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Publication numberUS1229468 A
Publication typeGrant
Publication dateJun 12, 1917
Filing dateAug 23, 1915
Priority dateAug 23, 1915
Publication numberUS 1229468 A, US 1229468A, US-A-1229468, US1229468 A, US1229468A
InventorsHarry A Jackson
Original AssigneeSuperior Metal Products Company
Export CitationBiBTeX, EndNote, RefMan
External Links: USPTO, USPTO Assignment, Espacenet
Saddle for motor-cycles or bicycles.
US 1229468 A
Abstract  available in
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Claims  available in
Description  (OCR text may contain errors)

H. A. JACKSON.

SADDLE FOR MOTOR CYCLES OR BICY CLES. APPLICATION FILED AuG.23. 1915.

mzmem 2 SHEETS-SHEET I.

Patented June 12, 1917.

H. ACKSON.

SADDLE FOR MOTOR CYCLES 0R BICYCLES. APPLICATION {ILED AUG-23, 915.

229,46 Patented June 12, 1917.

3 SHEETS-SHEET 2.

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HARRY A. Jackson, on nLYnIA, onto, assreaon no screams TAL recliners COMPANY, OF ELYRIA, 01-110, A CORPORATION or OHIO.

SADDLE FbR MOTOR-CYCLES OR BICYCLES.

Specification of Letters Patent.

Patented June 12, 1917.

Application filed August 23, 1915. Serial No. 46,843.

' To all whom it may concern.

Be it known that I, HARRY A. JACKSON, acitizen of the United States, reslding at Elyria, in the county of Lorain and State of Ohio, have invented certain new and useful Improvements in Saddles for Motor- Cycles or Bicycles; and I do hereby declare the following to be a full, clear, and exact description of the invention, such as will enable others skilled in the art to which it appertains to make and use the same.

My invention relates to improvements in saddles for bicycles, motor cycles and the like, and, has for its main objects the improvements in saddles whereby more effective spring action results, better absorbing shocks, jolts, etc, thus and otherwise making riding more comfortable. The employment of my improvements makes the saddle stronger and more durable, at the same time accomplishing the above-named objects.

Another object of my invention is the employment of a plurality of flexible springs, which cooperate together to resist downward movements of the saddle seat and in returning the same to normal. Each spring can thenbe made flexible and at the same time, the joint actions of all realize all the advantages of a stiff spring or springs, with out the disadvantages thereof. I also prefer to eliminate the tension springs which can be, and are often, stretched beyond their elastic limits, while the compression springs which I employ cannot be compressed beyond a certain amount, which is well within their elastic limits.

The parts incorporated in saddles embodying my improvements are simple and may be cheaply and conveniently manufactured with. standard machinery, and when manufactilred and assembled willv perform their services almost indefinitelythrough the most severe use, without substantial deterioration or deformity of the structure as a whole.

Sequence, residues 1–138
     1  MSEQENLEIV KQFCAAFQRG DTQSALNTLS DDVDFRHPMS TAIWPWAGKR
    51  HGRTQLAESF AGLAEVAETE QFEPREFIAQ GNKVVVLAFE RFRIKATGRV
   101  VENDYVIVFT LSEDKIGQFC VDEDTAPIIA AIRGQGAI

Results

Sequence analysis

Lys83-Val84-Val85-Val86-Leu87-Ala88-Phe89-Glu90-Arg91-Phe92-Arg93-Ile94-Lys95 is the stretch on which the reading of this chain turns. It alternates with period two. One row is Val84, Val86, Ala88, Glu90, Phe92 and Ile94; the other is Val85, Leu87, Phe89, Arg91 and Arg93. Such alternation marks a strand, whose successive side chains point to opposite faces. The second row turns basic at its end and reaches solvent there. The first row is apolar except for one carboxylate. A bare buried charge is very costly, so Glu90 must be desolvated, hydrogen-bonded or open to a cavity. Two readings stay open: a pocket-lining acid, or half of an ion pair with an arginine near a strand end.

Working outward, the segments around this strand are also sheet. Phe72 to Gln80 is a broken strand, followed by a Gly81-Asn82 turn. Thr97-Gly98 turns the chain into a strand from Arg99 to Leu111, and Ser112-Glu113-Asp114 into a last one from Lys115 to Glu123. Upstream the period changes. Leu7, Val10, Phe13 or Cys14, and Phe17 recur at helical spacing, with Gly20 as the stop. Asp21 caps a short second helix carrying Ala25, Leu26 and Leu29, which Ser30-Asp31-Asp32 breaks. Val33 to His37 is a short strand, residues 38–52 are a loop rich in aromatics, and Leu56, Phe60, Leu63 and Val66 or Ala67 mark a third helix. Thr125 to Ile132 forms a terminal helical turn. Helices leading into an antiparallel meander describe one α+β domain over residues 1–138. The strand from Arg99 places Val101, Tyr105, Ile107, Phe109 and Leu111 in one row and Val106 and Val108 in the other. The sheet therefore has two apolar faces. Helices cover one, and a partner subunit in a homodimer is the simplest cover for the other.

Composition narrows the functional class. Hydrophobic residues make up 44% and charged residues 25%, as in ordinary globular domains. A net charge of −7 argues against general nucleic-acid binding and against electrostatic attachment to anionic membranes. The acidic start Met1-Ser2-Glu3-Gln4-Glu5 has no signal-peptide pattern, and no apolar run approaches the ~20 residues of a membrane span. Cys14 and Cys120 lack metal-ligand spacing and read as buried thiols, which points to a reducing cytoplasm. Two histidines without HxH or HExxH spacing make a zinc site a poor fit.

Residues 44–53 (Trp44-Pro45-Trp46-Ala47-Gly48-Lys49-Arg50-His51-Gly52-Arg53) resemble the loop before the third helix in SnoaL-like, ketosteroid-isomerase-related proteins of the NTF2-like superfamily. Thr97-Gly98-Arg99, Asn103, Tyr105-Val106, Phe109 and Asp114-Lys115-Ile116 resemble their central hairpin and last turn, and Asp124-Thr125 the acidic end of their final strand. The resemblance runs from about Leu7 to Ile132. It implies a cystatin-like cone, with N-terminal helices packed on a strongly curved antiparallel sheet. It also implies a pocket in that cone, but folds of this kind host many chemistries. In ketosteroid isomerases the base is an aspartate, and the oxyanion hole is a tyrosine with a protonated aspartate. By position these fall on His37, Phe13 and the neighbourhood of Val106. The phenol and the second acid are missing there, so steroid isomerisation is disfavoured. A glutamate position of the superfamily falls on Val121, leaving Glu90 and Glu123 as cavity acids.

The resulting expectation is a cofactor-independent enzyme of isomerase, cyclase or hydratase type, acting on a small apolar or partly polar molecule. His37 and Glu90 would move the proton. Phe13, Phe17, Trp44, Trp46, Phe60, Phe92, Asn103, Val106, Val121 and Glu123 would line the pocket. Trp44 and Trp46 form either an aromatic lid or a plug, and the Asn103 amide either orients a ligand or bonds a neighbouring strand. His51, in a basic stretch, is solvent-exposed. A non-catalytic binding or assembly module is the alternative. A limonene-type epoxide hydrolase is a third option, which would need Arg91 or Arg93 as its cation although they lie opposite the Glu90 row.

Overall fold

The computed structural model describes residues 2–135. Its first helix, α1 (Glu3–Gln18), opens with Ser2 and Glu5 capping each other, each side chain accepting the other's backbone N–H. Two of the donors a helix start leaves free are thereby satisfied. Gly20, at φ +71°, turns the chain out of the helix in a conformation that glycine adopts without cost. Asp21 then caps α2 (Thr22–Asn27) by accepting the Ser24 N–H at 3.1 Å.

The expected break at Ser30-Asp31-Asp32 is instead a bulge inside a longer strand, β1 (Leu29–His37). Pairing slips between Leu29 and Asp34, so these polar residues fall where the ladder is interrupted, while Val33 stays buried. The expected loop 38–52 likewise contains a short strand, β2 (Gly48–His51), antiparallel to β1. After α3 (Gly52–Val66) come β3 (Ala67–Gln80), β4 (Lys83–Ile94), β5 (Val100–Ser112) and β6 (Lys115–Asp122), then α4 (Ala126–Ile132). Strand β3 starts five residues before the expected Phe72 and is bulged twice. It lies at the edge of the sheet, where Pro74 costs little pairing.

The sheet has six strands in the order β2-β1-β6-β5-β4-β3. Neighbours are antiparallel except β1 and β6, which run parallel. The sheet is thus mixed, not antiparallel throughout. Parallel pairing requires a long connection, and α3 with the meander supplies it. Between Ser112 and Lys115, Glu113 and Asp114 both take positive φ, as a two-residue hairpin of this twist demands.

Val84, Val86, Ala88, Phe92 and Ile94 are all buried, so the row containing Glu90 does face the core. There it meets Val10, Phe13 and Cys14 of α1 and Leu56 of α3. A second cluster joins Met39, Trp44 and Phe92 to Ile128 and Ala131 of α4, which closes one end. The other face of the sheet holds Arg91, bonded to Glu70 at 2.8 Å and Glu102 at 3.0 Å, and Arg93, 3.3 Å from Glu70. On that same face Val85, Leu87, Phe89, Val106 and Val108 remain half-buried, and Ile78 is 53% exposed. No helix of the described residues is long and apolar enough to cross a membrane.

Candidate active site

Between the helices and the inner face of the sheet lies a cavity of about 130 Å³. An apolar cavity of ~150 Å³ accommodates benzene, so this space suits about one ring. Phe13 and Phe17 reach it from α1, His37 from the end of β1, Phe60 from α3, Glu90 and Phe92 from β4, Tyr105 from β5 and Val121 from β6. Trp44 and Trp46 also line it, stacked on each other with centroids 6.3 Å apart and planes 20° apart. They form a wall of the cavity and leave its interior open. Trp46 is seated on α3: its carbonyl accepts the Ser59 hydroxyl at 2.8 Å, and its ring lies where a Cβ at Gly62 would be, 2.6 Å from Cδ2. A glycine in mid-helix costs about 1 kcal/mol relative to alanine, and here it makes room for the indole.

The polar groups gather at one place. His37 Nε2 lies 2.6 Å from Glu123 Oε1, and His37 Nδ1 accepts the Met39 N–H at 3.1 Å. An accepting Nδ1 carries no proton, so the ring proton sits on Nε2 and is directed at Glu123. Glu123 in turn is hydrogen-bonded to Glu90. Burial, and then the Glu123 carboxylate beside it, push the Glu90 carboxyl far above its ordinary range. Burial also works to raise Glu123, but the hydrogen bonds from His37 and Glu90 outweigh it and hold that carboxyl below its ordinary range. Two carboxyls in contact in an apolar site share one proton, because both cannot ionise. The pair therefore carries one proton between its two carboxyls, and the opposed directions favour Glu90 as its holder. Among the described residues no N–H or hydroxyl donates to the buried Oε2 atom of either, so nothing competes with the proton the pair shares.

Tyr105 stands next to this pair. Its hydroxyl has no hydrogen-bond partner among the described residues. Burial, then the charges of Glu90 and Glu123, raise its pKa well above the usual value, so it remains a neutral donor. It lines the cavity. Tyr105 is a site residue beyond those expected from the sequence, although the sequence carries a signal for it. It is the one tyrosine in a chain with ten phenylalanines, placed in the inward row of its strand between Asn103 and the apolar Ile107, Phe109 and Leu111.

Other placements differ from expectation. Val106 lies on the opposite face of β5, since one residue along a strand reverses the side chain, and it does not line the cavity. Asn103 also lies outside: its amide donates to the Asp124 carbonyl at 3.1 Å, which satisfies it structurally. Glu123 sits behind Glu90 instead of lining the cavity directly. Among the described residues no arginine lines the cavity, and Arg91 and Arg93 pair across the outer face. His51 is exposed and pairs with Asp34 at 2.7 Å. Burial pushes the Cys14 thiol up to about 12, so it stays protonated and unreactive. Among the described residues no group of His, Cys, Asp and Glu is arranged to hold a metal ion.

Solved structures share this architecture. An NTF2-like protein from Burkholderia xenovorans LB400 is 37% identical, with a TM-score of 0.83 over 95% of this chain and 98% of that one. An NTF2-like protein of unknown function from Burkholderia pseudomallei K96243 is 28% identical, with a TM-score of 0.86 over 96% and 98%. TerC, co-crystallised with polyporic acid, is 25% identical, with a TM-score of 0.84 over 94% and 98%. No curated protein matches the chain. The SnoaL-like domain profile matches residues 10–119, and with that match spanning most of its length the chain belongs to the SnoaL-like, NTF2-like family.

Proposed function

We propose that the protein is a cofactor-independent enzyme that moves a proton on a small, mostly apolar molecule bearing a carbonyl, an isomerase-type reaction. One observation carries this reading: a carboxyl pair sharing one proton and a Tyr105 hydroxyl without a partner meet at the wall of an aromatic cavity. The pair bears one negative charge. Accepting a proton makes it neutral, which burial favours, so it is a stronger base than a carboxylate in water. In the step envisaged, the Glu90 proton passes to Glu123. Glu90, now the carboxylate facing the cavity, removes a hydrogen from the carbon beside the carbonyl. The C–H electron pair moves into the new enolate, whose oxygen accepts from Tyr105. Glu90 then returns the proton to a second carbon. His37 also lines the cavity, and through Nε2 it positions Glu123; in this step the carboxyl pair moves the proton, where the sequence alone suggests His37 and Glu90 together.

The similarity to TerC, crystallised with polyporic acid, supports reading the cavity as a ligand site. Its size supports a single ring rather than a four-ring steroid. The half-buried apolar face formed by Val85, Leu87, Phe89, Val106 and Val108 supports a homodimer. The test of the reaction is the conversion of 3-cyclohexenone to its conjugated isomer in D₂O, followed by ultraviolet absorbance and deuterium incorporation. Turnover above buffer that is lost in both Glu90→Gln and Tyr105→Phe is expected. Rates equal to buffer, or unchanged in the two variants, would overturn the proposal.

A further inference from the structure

These and other objects of my invention and the invention itself will undoubtedly be better understood from a description of an embodiment of the invention.

Figure 1 is a rearelevation of an embodiment of my invention. 1

Fig. 2 is a side elevation thereof showing parts in section.

Fig. 3 is a detail view.

' F1 t is a section through the line l i of Fig. 1.

Fig. 5 is a section through the line 5-5 of ,Fig. 1.

Fig. 6 is a section through the line 6($ of Fig. 2.

Fig, 7 is a plan view of a detail showing the connection between the truss and the spring.

Referring now to the embodiment illustrated in the drawing, at 6 is shown the seat of the saddle, which may be made of leather or other suitable material, the bottom of the saddle being preferably made of a stiffer material than the top thereof. It is usual to place cotton or some similar material between the bottom and top to make the seat softer. The saddle truss is shown generally at Sand consists of a pair of longitudinal members 9 and 10, which extend beneath the saddle, substantially in the same direction thereto. The rear ends of these members diverge, asshown at 11 and 12. Hands 13 and 14 are formed on the rear ends of these members, preferably integral therewith. The hands are perforated for purposes to be described. The front end of the truss is connected to the other end ofthe saddle by suitable means. in the form illustrated this connection iseffected through a resilient coil spring 15, which is forn'ied by coiling a heavy wire whose projecting ends 16 and 17 are connected to the truss and saddle respectively. This connection permits the rear ends of the saddle seat and truss to move relatively to each other. In the form shown, the end 16 is connected to the truss by a link 18. This link is formed with wide arms 19, .which enter perforations 20 in the ends of the members 9 and 10,-being secured therein preferably by heading the outer ends of the ar1ns, as shown at 20. The link 18 is provided with a forwardly projecting arm 21, which is preferably channel-shaped. The link is provided with a perforation 22, through which a bolt 23 projects. The end of 16 is coiled about this bolt, extending alongthe arm 21 in the channel thereof, thus furnishing a very permanent and secure connection between the spring and thetruss. A lug 24: is formed on the rear end of the link 18 to more securely hold the end 16 of the spring in position. The end 17 is connected to the saddle, preferably by extending the end 17 along the bottom of the saddle seat, as shown at 30 and 31. At 32, 33 these members diverge and are connected to the rear portion of the saddleby forming eyes 34 and 35 on the ends of said members, through which bolts 36 and 37 project, connecting the ends of the members 30 and 31 to the bottom of the saddle. Near the front of the saddle these members are connected to the bottom of the saddle through a bracket 38 and bolt 39. A cross member, here shown as a yoke, 40 is connected to the rear end of the saddle, extending substantially from one side of the saddle to the other. This member is connected by any suitable means to the bottom of the saddle. I have shown a convenient means which consists of links 41 and 12, which loop about the rod 40 and whose free ends are perforated and connected to the bottom of the saddle by the bolts 36 and 87.